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  • Catherine J Rippee-Hanson

Help or Hindrance? - The Consequences of Caring


By Catherine J Rippee-Hanson


My brother, Mark, who is blind, disabled, and has a serious mental/brain illness with anosognosia, relies heavily on the Facebook group, 'Mark of Vacaville,' to survive. We have 2,500 members, about 70% of whom live in Solano County. Due to the obstacles embedded in the current laws regarding serious mental/brain illness and the broken or nonexistent mental health care system, we can only help Mark if we come together as a community and act as his eyes - when he literally and figuratively lacks vision and insight. Providing him with a protective circle of care by monitoring and moving the pieces of the puzzle around to try to meet his needs.

I will always be with him despite the distance between us. He is my brother. I am protecting him, sending him what he needs, organizing documentation, publicizing his plight, asking, and researching information to help him - and other families like ours as well. It is for that reason that I write about his experiences so that others may better understand and hopefully join us in fighting for better laws and a better system for those of us with loved ones suffering from serious and severe mental illnesses. We should seek knowledge and the true facts about families like ours. As an advocate, I learn from other families and other advocates online and encourage them to join forces for a more powerful voice to speak for those who cannot or do not know they even need to speak for themselves.

As Mark's older sisters by six years, our concerns and quest to find Mark a legal public conservator through LPS conservatorship in California who can provide the oversight of care, services, and treatment for him after we are gone or unable to do so - became more urgent in recent years. In addition to our advancing age, neither of us is in good health. Some of Mark's nieces and his nephew, as well as my twin sister, our mother, and I used to go and help him daily. Then he became homeless after being evicted during a psychotic episode fourteen years ago. Our younger family members have grown up and now have families of their own to look after... children to protect... or are already helping other family members, like my daughter who is my caregiver... and some have moved away.

Our mother who is 81 years old is deaf and can no longer drive and is far too frail to continue to deal with Mark's psychotic symptoms and delusions. My twin sister is taking care of our mother and has her own health issues, including heart problems aggravated by stress, but she is the last family member who can go out on the streets to check on him... talk to him... listen to him and his terrifying delusions or bring him a home-cooked meal. She is the only member of Mark's immediate family who sees him personally. That is a burden that weighs heavily on her.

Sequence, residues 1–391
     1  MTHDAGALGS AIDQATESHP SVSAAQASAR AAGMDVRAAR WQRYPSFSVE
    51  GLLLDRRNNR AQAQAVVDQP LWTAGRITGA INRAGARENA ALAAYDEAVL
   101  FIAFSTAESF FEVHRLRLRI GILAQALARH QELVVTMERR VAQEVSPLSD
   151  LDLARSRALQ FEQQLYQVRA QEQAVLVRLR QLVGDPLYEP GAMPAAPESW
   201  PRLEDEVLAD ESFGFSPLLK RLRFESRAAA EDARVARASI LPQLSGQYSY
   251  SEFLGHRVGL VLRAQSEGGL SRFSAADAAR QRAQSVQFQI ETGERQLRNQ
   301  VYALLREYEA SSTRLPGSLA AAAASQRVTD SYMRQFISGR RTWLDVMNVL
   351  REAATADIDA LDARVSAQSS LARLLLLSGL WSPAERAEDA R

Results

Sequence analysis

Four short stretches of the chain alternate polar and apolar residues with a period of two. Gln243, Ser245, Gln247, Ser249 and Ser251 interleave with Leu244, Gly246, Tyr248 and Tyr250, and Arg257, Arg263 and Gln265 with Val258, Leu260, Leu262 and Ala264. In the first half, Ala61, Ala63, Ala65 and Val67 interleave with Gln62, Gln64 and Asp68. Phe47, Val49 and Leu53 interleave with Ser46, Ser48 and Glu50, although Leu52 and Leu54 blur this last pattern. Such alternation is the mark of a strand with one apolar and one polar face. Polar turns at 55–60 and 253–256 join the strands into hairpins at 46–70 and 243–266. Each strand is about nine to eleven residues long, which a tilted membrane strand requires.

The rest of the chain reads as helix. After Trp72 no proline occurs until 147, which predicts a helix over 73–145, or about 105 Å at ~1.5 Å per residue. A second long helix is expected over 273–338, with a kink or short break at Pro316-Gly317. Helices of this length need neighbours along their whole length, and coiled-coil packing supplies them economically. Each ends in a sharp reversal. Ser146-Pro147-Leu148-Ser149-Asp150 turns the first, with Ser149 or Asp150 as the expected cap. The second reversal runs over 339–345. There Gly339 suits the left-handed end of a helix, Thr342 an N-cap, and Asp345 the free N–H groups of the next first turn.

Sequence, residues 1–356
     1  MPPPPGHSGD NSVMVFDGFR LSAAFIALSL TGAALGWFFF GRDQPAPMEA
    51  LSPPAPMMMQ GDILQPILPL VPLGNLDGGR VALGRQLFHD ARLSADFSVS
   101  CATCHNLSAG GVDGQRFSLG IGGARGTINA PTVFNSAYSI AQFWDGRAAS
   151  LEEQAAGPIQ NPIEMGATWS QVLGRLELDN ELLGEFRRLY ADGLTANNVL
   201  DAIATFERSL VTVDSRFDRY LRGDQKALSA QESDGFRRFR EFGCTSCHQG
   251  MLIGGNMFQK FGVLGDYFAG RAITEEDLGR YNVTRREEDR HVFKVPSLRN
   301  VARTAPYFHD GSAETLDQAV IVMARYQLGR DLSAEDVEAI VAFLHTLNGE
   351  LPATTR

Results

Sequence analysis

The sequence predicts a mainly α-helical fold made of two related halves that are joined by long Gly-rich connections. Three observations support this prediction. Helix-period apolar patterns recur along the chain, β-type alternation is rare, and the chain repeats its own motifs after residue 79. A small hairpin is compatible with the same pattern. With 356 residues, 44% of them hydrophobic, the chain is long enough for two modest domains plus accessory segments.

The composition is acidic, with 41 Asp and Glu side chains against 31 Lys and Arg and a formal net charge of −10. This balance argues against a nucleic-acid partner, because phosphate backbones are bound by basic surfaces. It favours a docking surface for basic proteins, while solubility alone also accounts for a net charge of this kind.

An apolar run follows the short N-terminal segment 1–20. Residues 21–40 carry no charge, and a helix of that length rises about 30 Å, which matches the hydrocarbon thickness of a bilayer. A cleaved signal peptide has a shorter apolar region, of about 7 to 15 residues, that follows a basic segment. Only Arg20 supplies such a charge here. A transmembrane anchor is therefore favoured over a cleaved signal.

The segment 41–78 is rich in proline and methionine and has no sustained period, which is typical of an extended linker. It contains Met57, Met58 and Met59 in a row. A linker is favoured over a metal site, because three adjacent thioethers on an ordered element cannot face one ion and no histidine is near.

Throughout my life, I have struggled with many medical problems, dozens of surgeries, and physical disability. However, these past 15 years have been particularly difficult for me due to cancer and the loss of mobility that resulted in my need for a wheelchair. Unlike my twin sister, I cannot go out into the streets to look for my brother. And that burden weighs heavily on me.


The most frustrating thing in my life is not being able to see my brother but seeing his photos and videos instead. I can use a computer and write. So that's what I do. Every. Day. I am physically disabled and homebound, but I still find a way to keep an eye on my brother, know what is happening with him and direct others who are willing to help us help him. Like someone behind the curtain in Oz... I want to make sure there are enough good Samaritans in the community who don't just "know" of my brother but are willing to give a little to help him out and to help orchestrate that that empathy and compassion. When it comes to Mark, the phrase "It takes a village," takes on an entirely new meaning.

It is not always a case of families not caring. Shit happens... That is something I am very familiar with. I was humbled by life very early on and I have been humbled many times since. With my physical limitations, I can only facilitate the private Facebook group made up of family members, residents of our county, and authors and activists from across the country. I read each posted comment concerning Mark from others in our community to see what it contains. Is there any harm in the details for him? What is it that he needs urgently? Even allowing myself to feel some relief, knowing he has everything he needs if for only that moment.